Johsan should be along at some point - her OH has a good news story - and we have a couple of others that have had brachy very recently.
"Life can only be understood backwards; but it must be lived forwards." Soren Kierkegaard

User
Posted 09 Jun 2018 at 11:04
I wonder if you have sought an opinion of the leading urologist at Guildford, who is mentioned in an article in the Press this week. You should be able to get a second opinion there if you haven’t seen him already.

A wealthy friend with Gleason 3+3=6 has had five private opinions here and abroad, including four more with the chap mentioned in the paper. He has been variously advised: surgery, brachytherapy and watchful waiting. He has gone for the latter for now.

http://www.dailymail.co.uk/health/article-5808997/Meet-best-urologists-Britain.html%C3%82%C2%A0

User
Posted 09 Jun 2018 at 19:43
Everning Phil,

Brachy does seem like a no brainer.

The side effects of surgery are all "potential". And, I agree, a cause for concern.

Regarding incidences of surgery having "failed", as far as I understand it, surgery is only effective if the cancer is contained. Unfortunately some opt for surgery in the mistaken belief from what they are told by experts and what they have seen, that their cancer is contained and then on pathology it is found not to have been. So surgery has not failed, perhaps more accurately, it was the wrong choice made in god faith?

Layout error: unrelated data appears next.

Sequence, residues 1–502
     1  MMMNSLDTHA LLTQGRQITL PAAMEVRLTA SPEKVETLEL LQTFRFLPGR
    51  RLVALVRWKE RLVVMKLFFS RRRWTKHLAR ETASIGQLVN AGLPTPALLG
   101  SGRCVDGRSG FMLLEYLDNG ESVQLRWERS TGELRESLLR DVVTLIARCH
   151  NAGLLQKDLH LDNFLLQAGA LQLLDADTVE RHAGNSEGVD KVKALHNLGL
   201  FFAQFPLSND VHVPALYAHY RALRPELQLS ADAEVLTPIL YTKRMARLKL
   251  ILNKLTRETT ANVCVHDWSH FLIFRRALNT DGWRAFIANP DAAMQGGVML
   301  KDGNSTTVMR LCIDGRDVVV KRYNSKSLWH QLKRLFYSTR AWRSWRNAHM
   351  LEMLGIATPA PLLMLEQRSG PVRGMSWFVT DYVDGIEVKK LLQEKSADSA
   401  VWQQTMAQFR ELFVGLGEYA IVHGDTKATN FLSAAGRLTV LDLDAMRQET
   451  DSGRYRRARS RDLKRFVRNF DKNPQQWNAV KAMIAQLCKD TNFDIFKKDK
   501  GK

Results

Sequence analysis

Looking back, maybe, I wish I had had the courage to take a chance on Brachytherapy? But, as I said til myself then and offer to others now, you have one chance to make one choice, so consult wisely, not too widely, then go for it, and don't look back.

Maybe worth finding out what back ups are on or off the table iff a particular choice does not work out? Maybe worth having a Plan B, just in case? I did.

atb to you whatever you chose.

dave

Do all you can to help yourself, then make the best of your time. :-)
User
Posted 05 Aug 2018 at 10:26